NAFTA progress doesn’t stop Freeland from heading to Europe on diplomatic trip

Chrystia Freeland said it’s important for Canada to continue to do its work around the world

Foreign Affairs Minister Chrystia Freeland will be travelling to Europe next week on a diplomatic mission that’s raising questions about whether Canada expects to return to the bargaining table soon for the three-country NAFTA talks.

Freeland said Friday it’s important for Canada to continue to do its work around the world — even with signs of progress in the bilateral NAFTA negotiations between the U.S. and Mexico.

“Europe is a very important one that I’ve been looking forward to,” she said, adding she will be meeting with the foreign ministers of Germany and France, as well as addressing the annual meeting of Ukraine’s ambassadors to show Canada’s support for its sovereignty and opposition to Russia’s annexation of Crimea.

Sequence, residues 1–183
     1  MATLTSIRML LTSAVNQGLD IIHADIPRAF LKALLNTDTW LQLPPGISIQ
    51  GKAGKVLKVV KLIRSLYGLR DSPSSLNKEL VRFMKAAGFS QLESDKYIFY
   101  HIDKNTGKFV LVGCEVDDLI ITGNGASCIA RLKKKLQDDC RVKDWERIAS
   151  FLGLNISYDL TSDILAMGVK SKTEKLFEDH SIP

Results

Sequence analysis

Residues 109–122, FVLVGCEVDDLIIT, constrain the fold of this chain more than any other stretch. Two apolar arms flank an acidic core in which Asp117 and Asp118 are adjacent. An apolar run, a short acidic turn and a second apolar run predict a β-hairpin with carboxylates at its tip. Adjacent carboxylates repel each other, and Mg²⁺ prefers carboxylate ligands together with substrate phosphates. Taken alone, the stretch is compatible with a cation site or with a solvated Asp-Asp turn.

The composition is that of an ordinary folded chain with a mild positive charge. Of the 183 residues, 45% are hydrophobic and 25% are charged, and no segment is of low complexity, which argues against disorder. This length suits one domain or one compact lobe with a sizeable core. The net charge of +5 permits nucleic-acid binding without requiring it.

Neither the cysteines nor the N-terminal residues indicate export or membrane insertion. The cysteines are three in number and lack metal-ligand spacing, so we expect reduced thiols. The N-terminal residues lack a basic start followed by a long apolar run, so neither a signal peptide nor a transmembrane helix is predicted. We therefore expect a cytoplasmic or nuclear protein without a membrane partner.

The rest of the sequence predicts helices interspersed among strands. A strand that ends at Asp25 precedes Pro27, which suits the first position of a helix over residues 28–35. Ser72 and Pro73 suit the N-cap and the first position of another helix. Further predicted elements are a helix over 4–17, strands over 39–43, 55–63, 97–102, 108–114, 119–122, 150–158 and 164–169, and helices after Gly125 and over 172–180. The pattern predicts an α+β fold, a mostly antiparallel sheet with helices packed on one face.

“Canada has key allies around the world given CETA, our trade agreement with the EU.”

There’s optimism that the U.S. and Mexico are close to sorting out their one-on-one sticking points, which would open the door for Canada to rejoin the negotiations.

Freeland was asked whether her European trip meant she didn’t expect a breakthrough next week in the NAFTA talks. She replied by saying Canada will return to the NAFTA table for trilateral talks once the American and Mexican governments resolve their bilateral issues — particularly their differences on automotive rules of origin.

“I do want to underscore that I’ve been hearing optimism from those countries about the progress they’re making and Canada is very sympathetic to the fact that these issues are very complicated,” she told reporters in Richmond, B.C.

“We want a good deal, not just any deal.”

Freeland didn’t directly say whether she would cut her European trip short if Canada is invited back to the table.

The Canadian Press

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